Child Under Wills Variation Act Defined and Not Expanded
The recent British Columbia Court of Appeal decision in Peri vs. McCutcheon 2011 BCCA 401 clarifies that the Wills Variation act of British Columbia only provides for claims brought by biological or adopted children.
The action was brought by a 55-year-old female plaintiff who was named as a child of the wealthy deceased on her birth certificate, but was found to be not his biological child through DNA testing.
He did not raise her although he provided financial support for her.
The deceased had also signed the plaintiff’s immigration card as her ” father”.
When she was 26 she signed a contract with her mother and the deceased in which she accepted 425,000 in return for her agreement not to make any claims against the testator or Ms. Doman or to have anything to do with them or their family.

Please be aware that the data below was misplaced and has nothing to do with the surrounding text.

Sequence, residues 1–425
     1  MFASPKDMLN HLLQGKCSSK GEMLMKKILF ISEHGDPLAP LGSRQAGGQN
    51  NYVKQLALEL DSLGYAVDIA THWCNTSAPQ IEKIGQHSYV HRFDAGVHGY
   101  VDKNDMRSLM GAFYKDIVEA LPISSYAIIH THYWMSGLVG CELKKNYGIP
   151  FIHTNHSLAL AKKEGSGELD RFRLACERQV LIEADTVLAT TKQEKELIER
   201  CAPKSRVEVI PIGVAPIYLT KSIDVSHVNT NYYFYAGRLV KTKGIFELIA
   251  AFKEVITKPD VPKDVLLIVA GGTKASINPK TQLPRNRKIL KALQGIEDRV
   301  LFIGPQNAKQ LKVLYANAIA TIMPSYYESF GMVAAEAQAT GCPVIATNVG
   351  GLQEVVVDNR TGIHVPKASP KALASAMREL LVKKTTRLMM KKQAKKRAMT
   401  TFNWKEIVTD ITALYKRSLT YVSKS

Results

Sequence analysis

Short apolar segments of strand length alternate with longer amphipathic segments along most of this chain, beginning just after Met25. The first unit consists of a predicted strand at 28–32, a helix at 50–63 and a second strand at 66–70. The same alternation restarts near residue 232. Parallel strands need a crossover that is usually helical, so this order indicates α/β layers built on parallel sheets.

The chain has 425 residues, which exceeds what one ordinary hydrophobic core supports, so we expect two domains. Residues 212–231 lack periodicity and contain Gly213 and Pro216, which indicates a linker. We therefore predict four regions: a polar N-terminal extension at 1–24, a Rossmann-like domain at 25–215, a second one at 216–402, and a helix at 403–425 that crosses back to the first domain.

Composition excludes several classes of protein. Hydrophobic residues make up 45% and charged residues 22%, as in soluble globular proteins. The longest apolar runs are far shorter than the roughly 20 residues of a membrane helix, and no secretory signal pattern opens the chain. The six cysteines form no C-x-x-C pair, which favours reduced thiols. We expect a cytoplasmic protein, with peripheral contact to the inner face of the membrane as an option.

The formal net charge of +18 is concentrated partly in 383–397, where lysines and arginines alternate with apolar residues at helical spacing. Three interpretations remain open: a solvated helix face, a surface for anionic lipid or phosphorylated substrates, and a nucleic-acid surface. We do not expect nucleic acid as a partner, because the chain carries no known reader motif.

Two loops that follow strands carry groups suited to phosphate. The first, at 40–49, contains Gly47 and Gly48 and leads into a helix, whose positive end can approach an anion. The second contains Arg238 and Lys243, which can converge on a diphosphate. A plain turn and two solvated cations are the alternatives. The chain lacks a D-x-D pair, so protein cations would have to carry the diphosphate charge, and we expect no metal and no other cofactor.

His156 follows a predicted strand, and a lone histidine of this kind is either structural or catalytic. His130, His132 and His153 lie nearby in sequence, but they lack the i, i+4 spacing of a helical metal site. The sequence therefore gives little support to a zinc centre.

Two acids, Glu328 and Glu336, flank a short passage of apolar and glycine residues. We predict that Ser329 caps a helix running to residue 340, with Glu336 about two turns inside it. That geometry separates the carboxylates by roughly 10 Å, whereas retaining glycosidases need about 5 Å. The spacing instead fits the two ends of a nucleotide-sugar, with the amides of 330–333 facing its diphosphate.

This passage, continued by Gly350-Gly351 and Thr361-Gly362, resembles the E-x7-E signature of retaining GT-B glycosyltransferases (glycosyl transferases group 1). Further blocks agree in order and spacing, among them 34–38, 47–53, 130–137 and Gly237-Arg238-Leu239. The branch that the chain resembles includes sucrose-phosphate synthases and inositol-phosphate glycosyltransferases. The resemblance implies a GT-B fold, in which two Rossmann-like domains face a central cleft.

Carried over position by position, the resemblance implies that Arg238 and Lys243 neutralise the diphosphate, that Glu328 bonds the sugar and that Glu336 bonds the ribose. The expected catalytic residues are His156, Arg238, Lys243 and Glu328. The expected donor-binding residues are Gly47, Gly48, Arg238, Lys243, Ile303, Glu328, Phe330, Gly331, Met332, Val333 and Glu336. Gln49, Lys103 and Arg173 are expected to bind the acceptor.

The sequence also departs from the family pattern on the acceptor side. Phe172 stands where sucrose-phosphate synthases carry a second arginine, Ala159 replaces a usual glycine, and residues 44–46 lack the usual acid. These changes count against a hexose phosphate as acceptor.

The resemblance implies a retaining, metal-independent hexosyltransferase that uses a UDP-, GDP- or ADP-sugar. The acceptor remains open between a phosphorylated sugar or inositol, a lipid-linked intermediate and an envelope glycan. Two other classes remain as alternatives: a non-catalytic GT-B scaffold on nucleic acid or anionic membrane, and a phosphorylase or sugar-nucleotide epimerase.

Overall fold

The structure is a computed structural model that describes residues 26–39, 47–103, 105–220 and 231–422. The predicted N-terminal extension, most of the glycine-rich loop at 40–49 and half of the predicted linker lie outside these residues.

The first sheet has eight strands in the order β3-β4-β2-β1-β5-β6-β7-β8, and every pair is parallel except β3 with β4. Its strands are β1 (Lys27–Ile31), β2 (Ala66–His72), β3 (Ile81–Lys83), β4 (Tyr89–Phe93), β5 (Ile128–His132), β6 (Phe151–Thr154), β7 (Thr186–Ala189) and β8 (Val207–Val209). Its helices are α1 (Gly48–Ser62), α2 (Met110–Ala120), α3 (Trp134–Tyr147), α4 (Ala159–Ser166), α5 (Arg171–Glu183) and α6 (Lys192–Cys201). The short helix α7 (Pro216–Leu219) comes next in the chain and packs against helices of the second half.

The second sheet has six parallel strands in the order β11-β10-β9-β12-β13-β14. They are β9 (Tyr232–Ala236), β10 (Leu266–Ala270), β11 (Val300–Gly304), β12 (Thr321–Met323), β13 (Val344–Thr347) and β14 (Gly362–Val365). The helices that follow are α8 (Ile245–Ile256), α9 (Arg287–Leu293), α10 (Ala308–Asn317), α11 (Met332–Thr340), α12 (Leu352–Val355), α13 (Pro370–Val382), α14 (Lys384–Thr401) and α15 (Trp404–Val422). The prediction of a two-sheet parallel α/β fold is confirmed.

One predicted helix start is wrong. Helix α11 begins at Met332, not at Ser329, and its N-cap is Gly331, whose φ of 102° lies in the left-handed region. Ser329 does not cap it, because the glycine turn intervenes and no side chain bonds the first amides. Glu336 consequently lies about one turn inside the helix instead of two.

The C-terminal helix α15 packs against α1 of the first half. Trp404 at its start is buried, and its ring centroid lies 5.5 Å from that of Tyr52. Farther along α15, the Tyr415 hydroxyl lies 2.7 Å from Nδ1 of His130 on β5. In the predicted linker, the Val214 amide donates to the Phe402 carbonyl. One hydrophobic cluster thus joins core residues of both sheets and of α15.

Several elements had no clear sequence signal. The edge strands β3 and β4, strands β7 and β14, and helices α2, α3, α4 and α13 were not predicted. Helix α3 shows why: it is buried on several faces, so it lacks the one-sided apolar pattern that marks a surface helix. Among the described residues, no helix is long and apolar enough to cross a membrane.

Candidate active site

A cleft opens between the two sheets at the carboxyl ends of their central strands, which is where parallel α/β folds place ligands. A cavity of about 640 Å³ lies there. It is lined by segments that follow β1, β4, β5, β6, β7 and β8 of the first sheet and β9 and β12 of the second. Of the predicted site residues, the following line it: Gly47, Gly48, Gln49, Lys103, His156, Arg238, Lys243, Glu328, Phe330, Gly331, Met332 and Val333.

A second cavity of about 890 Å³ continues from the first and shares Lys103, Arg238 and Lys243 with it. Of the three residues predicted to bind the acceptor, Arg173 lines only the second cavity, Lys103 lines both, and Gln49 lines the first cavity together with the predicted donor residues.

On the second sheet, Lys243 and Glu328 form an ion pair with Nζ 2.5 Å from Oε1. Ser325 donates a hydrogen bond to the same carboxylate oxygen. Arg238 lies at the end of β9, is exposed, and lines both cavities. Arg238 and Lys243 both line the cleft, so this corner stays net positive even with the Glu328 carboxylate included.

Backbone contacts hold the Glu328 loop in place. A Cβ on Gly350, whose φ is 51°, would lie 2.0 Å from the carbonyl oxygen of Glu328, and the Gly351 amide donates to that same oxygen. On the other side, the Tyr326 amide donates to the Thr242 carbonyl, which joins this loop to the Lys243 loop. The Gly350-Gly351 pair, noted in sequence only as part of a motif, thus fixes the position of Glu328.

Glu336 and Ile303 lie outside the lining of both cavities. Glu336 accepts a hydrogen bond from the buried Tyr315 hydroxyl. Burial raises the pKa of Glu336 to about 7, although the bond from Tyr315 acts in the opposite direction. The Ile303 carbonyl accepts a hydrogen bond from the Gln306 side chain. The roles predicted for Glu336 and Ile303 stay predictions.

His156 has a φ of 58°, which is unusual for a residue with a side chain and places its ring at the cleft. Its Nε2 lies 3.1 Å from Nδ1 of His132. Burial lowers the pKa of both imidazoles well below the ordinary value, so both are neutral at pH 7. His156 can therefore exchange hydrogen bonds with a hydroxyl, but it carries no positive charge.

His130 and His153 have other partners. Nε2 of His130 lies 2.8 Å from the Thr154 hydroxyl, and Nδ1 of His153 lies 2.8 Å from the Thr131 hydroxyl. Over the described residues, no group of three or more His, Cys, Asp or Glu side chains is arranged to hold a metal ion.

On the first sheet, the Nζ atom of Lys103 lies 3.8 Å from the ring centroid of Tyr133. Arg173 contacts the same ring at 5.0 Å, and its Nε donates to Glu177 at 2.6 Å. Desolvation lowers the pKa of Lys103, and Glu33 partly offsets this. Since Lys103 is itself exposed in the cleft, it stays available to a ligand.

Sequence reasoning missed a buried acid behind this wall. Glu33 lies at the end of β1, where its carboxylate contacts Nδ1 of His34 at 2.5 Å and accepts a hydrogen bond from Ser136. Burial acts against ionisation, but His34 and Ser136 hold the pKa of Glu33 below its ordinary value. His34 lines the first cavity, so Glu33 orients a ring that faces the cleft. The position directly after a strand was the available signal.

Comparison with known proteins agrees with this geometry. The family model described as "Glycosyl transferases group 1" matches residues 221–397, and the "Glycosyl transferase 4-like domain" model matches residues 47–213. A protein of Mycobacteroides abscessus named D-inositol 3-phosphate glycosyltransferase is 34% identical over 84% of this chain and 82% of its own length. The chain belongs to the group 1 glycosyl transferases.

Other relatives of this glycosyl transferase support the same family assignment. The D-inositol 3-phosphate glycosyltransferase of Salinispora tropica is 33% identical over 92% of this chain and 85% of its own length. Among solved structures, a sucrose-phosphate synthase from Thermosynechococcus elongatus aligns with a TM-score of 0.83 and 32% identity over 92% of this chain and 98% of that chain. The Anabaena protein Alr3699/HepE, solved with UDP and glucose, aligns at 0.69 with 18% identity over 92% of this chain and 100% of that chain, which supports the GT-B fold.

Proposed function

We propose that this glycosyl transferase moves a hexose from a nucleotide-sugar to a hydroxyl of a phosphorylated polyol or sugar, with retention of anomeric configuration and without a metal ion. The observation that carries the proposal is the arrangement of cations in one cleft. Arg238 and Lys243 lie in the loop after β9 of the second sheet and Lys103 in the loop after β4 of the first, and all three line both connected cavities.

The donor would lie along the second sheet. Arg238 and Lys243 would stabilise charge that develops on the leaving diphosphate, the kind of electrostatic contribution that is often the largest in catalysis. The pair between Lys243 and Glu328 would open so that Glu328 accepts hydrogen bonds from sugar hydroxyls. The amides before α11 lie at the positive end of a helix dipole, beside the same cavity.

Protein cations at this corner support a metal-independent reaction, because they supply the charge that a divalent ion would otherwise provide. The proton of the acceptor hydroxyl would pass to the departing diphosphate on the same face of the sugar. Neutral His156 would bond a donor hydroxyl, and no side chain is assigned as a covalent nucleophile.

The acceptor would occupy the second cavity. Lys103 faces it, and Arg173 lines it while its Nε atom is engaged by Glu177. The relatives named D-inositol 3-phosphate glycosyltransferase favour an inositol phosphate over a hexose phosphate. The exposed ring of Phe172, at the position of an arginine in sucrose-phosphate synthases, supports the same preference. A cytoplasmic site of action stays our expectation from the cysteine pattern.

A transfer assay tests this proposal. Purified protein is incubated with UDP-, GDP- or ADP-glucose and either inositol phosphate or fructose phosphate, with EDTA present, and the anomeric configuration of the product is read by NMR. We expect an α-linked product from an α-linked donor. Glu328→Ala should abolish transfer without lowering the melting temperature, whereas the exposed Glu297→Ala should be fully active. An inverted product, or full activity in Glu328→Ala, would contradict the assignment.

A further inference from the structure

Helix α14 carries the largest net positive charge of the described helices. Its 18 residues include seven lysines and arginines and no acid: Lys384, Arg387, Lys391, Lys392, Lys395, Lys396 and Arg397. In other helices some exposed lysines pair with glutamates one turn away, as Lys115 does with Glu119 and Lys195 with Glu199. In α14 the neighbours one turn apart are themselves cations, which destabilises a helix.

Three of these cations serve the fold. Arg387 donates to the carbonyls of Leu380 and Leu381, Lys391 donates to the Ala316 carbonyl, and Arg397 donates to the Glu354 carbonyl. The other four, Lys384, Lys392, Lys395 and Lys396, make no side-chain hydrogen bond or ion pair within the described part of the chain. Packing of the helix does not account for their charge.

The Appeal Court through a unanimous 5-0 decision held that the facts of the case do not warrant a reconsideration of the prior Court of Appeal decision of Hope v Raeder Estate (1994) 2 BCLR (3d) 58, that held the word “children” in s.2 of the Wills Variation act was restricted to natural or adopted children of the testator.
Disinherited.com is disappointed with the restricted interpretation used by the court in its ruling that only natural and adopted children of a deceased person ( as well as a spouse, common law or legal, including same sax couples) have the standing to contest a will under the Wills Variation act.